For example, students can learn about K-pop or J-pop artists by reading about them.

There are many ways they can develop English as a communicative tool rather than learn it mainly to pass an exam, Lin says.

Soto, who is also in the final stages of a PhD in education at HKU, confirms the need to reach out to students in areas that interest them and at their level.

"To do this, we try to build bridges between students' family and youth cultures and the academic texts we want them to study," he says.

"We don't use textbooks, and instead study music, films and documentaries from around the world, read stories and poetry, play games, and do work online. We use Facebook groups to communicate and to do writing, and each student has their own blog. This year we joined quadblogging.net to collaborate on blogging with three classrooms around the world. I learn about the conflicts they face in their lives, and use English as a way for them to learn about themselves and learn to solve problems in their communities."

While the lack of motivation among local students may have something to do with our heavily exam-oriented culture, Lin's research shows that by getting students interested in learning the skills of English rapping, they developed ownership. English language teaching (ELT) rap gave them the chance to identify positively as members of an English-speaking community who enjoyed each other's company and formed close social bonds.

"When the students are weak, then more entry points are necessary to have them embrace language and arts, interest them, excite them and meet them where they are," says Lin.

The third dimension is to speak English with a Hong Kong accent. "We need to develop this idea of speaking 'Hong Kong English' - we don't need to sound like a BBC news anchor, but like an educated person and one who can communicate clearly," says Lin. "We need to have reachable goals with regard to English-language proficiency for our students."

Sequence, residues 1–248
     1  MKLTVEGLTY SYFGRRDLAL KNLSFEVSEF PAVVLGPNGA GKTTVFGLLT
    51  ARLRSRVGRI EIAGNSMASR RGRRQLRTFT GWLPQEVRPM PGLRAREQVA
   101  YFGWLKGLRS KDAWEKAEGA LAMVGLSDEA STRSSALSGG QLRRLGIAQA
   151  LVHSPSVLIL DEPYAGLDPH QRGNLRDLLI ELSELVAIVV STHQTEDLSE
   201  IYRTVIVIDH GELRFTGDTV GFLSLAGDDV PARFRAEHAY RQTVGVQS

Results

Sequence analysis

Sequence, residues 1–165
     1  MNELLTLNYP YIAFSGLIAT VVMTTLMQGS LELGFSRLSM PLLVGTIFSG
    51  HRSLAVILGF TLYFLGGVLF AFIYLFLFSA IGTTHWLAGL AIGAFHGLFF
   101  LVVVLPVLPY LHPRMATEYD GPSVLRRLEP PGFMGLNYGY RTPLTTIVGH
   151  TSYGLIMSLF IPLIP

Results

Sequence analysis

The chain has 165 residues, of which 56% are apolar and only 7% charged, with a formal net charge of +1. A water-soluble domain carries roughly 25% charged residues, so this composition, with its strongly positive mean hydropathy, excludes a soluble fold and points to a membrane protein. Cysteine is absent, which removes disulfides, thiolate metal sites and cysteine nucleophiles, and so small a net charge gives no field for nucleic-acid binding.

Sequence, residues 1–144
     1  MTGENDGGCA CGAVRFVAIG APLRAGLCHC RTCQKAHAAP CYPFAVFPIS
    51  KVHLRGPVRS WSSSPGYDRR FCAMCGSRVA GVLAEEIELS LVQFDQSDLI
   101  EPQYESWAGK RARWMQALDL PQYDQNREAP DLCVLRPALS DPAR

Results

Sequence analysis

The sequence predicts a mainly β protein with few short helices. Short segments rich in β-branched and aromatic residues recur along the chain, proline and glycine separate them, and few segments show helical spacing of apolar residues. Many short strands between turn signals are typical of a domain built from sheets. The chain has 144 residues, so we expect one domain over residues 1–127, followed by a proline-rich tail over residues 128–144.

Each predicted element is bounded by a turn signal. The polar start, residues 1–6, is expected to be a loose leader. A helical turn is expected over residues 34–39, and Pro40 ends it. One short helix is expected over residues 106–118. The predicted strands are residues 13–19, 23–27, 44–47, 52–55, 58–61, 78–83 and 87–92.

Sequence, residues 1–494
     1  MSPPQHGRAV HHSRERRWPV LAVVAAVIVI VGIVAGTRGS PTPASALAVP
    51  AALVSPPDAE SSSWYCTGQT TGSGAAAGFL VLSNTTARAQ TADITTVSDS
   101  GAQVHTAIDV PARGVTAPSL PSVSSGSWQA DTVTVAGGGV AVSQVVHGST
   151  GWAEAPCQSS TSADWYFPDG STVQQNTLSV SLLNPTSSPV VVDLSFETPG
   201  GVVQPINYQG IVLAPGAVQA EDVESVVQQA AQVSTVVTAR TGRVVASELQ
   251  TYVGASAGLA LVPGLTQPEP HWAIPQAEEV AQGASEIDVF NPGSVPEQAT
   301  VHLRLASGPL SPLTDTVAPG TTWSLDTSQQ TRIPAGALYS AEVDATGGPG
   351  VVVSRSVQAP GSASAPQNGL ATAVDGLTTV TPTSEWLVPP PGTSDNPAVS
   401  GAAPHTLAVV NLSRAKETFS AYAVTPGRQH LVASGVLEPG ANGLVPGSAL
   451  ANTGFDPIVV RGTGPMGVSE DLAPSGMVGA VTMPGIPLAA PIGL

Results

Researchers such as Jim Cummins have repeatedly shown that ESL learners need five to seven years to catch up with their native English-speaking peers. Studies show that although the ability of immersion students to understand concrete ideas is not compromised, their ability to grasp the more abstract concepts in non-language subjects is hampered as they move through higher levels in their education.

Educators can help students shift between everyday and academic usage.

"We need to develop the idea that switching styles, between formal and conversational when we need to, is OK. Like Gangnam style, students can embrace different styles in different contexts," says Lin.

Teachers often ask Soto what they can do to motivate students. His advice is to stop asking that question. Instead, educators should explore other questions such as: Who are our students, what is their place in society, and how can English become a tool to empower them? In what ways, besides exams, can we have them show their learning? How are their lives already multilingual and how can our teaching promote multilingualism?

Kiran Kaur, one of Soto's Form Two students, agrees.

"Throw away the textbooks and learn something which is not written in the books; that is how our class learns," she says. "We do learn a bit from books but our class power is movies, which is almost everyone's favourite. We learn new words from Mr C through some talk. We listen and think about others' ideas. We learn in our English class by looking around the world.

"That's all I can say: less words, more understanding."

life@scmp.com

Share

Related topics

For unlimited access to:

SCMP.com SCMP Tablet Edition SCMP Mobile Edition 10-year news archive
 
 

 

 
 
 
 
 

Login

SCMP.com Account

or